### The starburst icosahedron with long bars

Posted:

**Sun Dec 27, 2009 2:13 am**How did those guys at Geomag come up with the new bar length? Here's one possibility - first let's

take some careful measurements:

So, the geometric length turns out to be: 69.94mm

Now, a double-length Geomag original bar has geometric length: 65.78mm

and the ratio between these two numbers is: 0.94 - remember that!

Look in wikipedia to get the circumradius of the icosahedron

http://en.wikipedia.org/wiki/Icosahedron

it's 1/4sqrt(10+2*sqrt(5)) = 0.95106

Coincidence? maybe.

Some calculations give away that a double-length Geomag classic rod is

just 0.74mm short of the required length to act as the radius element

for a starburst icosahedron. And 0.8mm is 1/32" which is just the size of

some little magnetic shims I happen to have handy.

Here's a detail of 12 rods arranged around a ball with icosahedral symmetry.

Should you wish to try this at home, you can manufacture shims easily by

using a hole-punch on one of those magnetic stickers you probably have on the fridge: the

disks ejected by the hole punch are just the right size for Geomag bars.

Here's an example: http://www.flickr.com/photos/karlhorton/404972512/in/set-72157594564548492/

take some careful measurements:

So, the geometric length turns out to be: 69.94mm

Now, a double-length Geomag original bar has geometric length: 65.78mm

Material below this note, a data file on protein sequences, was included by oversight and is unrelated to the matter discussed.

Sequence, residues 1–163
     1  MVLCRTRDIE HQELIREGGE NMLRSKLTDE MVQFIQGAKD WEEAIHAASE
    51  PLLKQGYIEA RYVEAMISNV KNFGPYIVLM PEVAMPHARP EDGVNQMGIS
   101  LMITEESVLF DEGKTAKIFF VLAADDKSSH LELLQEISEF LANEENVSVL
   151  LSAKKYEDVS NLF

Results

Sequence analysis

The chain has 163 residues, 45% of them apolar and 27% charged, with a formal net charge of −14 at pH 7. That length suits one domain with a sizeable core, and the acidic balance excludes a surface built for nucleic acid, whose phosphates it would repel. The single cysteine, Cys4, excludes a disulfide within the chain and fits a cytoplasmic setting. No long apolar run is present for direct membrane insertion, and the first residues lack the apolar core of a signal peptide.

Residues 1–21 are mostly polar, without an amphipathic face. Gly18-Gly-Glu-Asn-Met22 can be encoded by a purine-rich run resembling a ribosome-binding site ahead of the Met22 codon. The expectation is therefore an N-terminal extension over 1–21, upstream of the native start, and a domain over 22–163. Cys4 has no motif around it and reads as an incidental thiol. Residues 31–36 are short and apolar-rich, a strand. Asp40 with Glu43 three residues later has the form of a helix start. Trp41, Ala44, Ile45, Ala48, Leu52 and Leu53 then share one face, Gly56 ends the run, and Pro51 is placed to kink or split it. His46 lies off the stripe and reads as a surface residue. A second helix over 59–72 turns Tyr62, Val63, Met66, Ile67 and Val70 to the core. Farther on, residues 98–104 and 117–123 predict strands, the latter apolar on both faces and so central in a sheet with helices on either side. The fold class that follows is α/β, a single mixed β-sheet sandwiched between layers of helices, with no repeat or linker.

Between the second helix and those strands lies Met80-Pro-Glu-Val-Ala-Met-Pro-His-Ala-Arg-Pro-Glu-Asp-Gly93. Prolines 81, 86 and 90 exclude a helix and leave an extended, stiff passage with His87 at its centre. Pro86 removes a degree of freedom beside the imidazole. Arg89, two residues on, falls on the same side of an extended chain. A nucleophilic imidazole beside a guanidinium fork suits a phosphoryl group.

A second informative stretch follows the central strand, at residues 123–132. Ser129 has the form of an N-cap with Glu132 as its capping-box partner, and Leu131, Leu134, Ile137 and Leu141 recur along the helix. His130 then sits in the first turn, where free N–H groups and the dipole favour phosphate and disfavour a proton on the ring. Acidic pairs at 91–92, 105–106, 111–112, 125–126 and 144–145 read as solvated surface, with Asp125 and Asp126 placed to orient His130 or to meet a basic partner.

and the ratio between these two numbers is: 0.94 - remember that!

Look in wikipedia to get the circumradius of the icosahedron

http://en.wikipedia.org/wiki/Icosahedron

it's 1/4sqrt(10+2*sqrt(5)) = 0.95106

Coincidence? maybe.

Some calculations give away that a double-length Geomag classic rod is

just 0.74mm short of the required length to act as the radius element

for a starburst icosahedron. And 0.8mm is 1/32" which is just the size of

some little magnetic shims I happen to have handy.

Here's a detail of 12 rods arranged around a ball with icosahedral symmetry.

Should you wish to try this at home, you can manufacture shims easily by

using a hole-punch on one of those magnetic stickers you probably have on the fridge: the

disks ejected by the hole punch are just the right size for Geomag bars.

Here's an example: http://www.flickr.com/photos/karlhorton/404972512/in/set-72157594564548492/